Lise Sievers blames her recent trip to Africa for causing her Delta Air Lines plane to be grounded and quarantined at Chicago's Midway airport Thursday afternoon.
"I was visiting Uganda ... where I'm adopting two special needs kids. So we stayed at a hotel the other night and I think it left friends on my body. My son, who's four and a half, had pustules on him," Sievers said after deplaning Flight 3163.
The flight originated from Detroit, but passengers were kept on the plane outside Gate A7 for more than two hours after landing. From the sky, NBC Chicago's helicopter could see the aircraft on the ground, surrounded by medical and emergency personnel.
"Since the passenger had been in Africa, a family member had reported concerns that the rash might be monkeypox," the Centers for Disease Control said in a statement obtained by NBC News. "The passenger was evaluated by Chicago Emergency Medical Services. Medical staff at CDC and the Chicago Department of Public Health (CDPH) reviewed the case and, based on the patient's symptoms and photographs of the rash, it does not appear that the signs and symptoms are consistent with a monkeypox infection."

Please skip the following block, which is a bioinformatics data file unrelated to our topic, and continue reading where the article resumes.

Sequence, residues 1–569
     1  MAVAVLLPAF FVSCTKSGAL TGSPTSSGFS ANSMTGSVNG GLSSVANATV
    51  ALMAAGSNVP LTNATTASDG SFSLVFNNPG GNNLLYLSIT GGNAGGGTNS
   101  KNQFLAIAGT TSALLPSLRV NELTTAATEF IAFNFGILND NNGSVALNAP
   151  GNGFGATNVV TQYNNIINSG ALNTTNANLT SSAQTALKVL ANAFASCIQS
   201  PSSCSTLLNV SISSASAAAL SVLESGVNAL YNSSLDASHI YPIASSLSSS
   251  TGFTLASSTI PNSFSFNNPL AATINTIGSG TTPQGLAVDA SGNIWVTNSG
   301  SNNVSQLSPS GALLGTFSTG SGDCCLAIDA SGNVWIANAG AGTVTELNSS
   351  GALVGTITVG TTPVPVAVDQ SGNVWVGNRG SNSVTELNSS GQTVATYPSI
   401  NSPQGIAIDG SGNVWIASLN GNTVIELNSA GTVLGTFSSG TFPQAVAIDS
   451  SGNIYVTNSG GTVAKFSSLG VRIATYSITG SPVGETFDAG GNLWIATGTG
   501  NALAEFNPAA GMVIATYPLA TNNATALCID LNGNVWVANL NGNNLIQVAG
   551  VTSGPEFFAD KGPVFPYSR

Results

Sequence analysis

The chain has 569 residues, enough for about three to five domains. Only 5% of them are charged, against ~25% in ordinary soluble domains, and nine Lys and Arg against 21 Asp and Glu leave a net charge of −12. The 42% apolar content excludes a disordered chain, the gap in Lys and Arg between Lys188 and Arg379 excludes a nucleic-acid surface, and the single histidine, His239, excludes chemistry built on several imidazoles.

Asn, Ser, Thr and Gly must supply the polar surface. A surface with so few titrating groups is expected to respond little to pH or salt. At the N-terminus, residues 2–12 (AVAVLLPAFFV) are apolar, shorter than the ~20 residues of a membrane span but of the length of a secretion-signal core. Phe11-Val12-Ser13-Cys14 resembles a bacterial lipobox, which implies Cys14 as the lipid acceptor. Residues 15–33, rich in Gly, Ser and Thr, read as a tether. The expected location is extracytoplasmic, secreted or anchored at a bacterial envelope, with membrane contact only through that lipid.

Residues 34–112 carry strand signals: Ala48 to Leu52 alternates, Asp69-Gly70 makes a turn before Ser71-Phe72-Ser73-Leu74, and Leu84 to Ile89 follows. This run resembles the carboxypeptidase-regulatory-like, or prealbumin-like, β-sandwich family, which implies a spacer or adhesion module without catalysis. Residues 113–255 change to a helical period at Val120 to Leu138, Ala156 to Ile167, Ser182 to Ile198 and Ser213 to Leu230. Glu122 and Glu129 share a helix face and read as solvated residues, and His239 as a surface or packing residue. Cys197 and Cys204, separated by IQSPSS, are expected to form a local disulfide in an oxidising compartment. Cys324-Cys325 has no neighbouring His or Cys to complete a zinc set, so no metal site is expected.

"A couple of people came on board, went to one of the passengers, took photographs of her and of the sores that apparently existed. I couldn't tell from where I was sitting what those were," one passenger, David Grober, told NBC Chicago.
Another passenger on the plane posted a photo to Twitter showing an official wearing a face mask.
"Still in quarantine. They say it's not serious," Kayla Maree Sanders wrote in one Tweet.
Grober said the passengers were later given the all-clear, a fact later confirmed by The Centers for Disease Control in a statement:
"Passenger with rash illness has been examined, photos sent to CDC for analysis and based on info gathered has been released along with all other passengers."
The CDC added that "appropriate follow up" with Sievers was to come.
"I have to say, Chicago Police Department, everybody just responded very well and all the passengers were great," Sievers said.
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